USA / UK, 2003
Review by Rumsey Taylor
Posted on 31 January 2006
Source First Run Features DVD
McElwee Park is a patch of decently manicured sod in North Carolina. It is adjacent to a former tobacco warehouse, now an archive for a local thrift store, and usually absent of any tenants, human or otherwise. In one corner is a pair of wooden benches and a tree. This is somewhere in the middle of a modestly populated southern town.
Named after John McElwee, tobacco tycoon and rival to James Buchanan Duke in the late 1800s, the park is the final retainer of his legacy—that, and his tombstone, which, his family notices late in this film, is bumped around by a lawn mower. This legacy is in stark contrast to that of Duke, the namesake of Duke University and dozens of other notable architectures that populate North Carolina. The two were rivals, but Duke’s industry prevailed with the purchase of a cigarette rolling machine. McElwee, preferring an assembly line of workers, was survived by few mentions in the annals of history.
A 1950 film entitled Bright Leaf enunciates — to some extent but with some ambiguity — the competition between the two men. It profiles two tobacco tycoons in the melodramatic throes of rivalry; one is a millionaire, the other a modest workman—an underdog who, at the story’s end, watches stoically as a fire engulfs his plantation, insisting furiously that no one attempt to assuage the flames. He is doomed to be absent of any legacy.
Ross McElwee becomes obsessed with this film because he perceives it as an indirect pronunciation of his great-grandfather’s placement in local history. An expatriate of the south, McElwee (the junior) moved to Cambridge, Massachusetts, and initiated a career in documentary filmmaking. (At the time of this writing, he teaches filmmaking at Harvard.) “Autobiography” is more appropriate in categorizing his films than documentary, as he and his life is very much the subject (directly or not) of everything he films. In a late scene in Bright Leaves, he interviews patients with terminal lung cancer at a local hospitable, and his son is enlisted to record sound. During the interview, Ross directs his camera towards his son repeatedly, ignoring, ostensibly, his interview, but the paternal gesture echoes that of the film: his son is his prized legacy, and to observe him sporting a sound kit is a sort of potential elucidation of his own legacy, one that his great-grandfather may not have shared.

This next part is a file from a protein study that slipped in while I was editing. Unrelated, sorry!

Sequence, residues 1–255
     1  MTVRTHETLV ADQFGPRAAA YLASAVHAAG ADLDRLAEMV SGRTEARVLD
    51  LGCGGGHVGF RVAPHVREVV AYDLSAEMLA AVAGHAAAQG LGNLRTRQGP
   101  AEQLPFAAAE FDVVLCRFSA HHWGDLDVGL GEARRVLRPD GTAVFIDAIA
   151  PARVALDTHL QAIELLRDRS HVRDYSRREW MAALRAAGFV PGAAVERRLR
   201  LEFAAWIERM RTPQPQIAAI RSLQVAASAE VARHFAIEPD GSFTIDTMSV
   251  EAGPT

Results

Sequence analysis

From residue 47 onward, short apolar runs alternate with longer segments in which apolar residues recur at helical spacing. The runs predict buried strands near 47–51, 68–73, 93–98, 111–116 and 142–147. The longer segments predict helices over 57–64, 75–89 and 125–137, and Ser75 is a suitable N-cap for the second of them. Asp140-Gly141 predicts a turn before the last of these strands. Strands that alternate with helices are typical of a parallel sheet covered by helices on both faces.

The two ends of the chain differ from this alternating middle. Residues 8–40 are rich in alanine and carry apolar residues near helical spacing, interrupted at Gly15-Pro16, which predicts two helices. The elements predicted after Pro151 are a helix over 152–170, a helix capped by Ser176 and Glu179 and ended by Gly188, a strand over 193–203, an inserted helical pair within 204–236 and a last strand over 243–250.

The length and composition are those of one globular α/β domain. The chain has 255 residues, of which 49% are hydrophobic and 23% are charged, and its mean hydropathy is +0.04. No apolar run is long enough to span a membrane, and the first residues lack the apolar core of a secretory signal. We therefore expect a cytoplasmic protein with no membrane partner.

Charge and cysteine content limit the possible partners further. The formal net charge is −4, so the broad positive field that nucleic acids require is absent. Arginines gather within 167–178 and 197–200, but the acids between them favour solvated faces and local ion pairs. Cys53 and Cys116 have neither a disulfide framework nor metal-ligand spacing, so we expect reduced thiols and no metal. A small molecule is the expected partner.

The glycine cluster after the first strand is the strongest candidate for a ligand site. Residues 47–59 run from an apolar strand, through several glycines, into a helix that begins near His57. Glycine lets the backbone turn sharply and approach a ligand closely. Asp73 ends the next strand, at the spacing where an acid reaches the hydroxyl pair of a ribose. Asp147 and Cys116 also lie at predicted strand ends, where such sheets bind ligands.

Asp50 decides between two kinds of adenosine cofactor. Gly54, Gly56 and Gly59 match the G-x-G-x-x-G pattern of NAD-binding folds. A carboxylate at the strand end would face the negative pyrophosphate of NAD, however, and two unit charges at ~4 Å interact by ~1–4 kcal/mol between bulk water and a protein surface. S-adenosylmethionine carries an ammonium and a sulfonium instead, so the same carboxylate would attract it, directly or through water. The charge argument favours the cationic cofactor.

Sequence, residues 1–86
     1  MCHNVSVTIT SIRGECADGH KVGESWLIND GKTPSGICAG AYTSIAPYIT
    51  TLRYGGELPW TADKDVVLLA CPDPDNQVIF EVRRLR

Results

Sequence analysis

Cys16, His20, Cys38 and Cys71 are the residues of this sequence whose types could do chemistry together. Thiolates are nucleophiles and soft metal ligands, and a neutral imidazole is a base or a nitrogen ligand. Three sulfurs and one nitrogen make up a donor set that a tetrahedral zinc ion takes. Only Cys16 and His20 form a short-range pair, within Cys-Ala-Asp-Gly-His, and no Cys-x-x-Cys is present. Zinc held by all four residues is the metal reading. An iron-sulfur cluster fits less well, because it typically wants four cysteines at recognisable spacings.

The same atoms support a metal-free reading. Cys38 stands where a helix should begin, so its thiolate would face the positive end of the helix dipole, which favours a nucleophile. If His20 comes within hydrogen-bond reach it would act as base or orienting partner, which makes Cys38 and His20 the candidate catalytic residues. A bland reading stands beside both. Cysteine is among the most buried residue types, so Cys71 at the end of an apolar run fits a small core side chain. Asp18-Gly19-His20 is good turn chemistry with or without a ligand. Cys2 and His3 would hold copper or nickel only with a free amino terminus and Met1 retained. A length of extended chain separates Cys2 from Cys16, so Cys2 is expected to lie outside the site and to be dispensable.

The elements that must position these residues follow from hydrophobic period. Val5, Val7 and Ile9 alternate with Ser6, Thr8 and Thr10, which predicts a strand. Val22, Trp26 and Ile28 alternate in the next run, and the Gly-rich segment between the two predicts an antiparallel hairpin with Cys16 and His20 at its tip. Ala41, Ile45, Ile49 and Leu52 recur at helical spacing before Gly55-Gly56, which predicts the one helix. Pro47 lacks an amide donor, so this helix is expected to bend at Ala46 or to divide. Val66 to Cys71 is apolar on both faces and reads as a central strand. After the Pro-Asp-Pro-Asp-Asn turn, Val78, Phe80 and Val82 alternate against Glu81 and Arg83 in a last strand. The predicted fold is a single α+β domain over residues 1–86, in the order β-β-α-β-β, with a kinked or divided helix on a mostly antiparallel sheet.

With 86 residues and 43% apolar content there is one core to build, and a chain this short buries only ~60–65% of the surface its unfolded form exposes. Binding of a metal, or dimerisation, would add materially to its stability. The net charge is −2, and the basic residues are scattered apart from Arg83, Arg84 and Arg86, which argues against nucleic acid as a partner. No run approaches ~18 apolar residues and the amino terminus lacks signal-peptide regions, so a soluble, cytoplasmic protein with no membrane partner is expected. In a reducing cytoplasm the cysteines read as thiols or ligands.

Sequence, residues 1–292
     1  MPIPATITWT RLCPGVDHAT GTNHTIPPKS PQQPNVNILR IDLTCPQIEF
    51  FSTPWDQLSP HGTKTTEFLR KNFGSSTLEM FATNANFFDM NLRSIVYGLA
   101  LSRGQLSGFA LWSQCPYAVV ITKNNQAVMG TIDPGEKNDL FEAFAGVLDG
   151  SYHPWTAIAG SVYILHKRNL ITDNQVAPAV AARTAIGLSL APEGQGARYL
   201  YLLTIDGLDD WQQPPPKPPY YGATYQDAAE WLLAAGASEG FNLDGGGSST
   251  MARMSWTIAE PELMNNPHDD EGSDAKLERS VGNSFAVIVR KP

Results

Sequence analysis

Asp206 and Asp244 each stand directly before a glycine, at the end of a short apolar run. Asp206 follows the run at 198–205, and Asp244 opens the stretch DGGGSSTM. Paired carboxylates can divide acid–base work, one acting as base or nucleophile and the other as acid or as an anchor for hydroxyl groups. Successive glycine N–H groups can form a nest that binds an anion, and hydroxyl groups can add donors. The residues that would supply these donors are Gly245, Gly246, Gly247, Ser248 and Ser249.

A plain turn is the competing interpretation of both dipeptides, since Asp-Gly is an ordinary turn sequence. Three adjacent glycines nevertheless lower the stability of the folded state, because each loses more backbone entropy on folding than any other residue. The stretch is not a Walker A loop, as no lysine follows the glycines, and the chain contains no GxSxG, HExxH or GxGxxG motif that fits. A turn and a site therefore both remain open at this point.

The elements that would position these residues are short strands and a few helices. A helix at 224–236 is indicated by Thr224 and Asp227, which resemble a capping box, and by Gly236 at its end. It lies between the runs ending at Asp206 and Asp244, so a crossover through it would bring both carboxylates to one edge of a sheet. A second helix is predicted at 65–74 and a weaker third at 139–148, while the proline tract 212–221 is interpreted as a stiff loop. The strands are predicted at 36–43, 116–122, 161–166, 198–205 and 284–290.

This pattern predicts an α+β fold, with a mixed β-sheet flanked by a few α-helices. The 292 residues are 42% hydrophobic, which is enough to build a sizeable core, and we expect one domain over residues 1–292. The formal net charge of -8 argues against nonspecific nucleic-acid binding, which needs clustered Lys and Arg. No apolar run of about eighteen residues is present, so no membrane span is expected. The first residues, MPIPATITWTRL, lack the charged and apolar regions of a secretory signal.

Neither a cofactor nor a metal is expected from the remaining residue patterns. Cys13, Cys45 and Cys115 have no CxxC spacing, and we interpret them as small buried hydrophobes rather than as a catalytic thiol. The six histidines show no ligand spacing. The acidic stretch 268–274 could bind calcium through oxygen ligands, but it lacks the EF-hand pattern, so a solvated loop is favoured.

McElwee is informed of Bright Leaf and its potential basis on his family from a cousin. This thesis inspires his investigation, constructed in meticulous deconstruction of the film and an interview with the novelist’s surviving wife, who announces with finality the story’s lack of direct association with any person, living or deceased. This epiphany made, the flaws in any correspondence between the film and the McElwee ancestry are now known. Ross does not alert his family to this discovery, preferring to sustain their modest admiration as he films their observation of John McElwee’s unexceptional tombstone.
Bright Leaves thrives, at times, upon self-effacement. Easily, this film could have been manipulated to invigorate citations of John McElwee’s influence in the tobacco industry, and to summarily contest the capitalism that sheepishly fuels it (most of the world’s supply is grown in North Carolina, and this is not to say this theme isn’t apparent herein). In admitting the faults of his thesis, McElwee grants his film an improved relevance. There is a wonderful scene in which he interviews film theorist Vlada Petric. The interviewee, striving for “cinema,” insists that McElwee film him from a wheelchair as he is wheeled around the block, during which he rambles on the futility of McElwee’s film, the illogic of interviewing him, and other topics that have no immediate pertinence. Petric is incorrect: his obnoxious personality and wild theorizing characterizes this, the film’s most conventionally cinematic scene. He cuts in the middle of one of Petric’s excited, elaborately gestured sentences.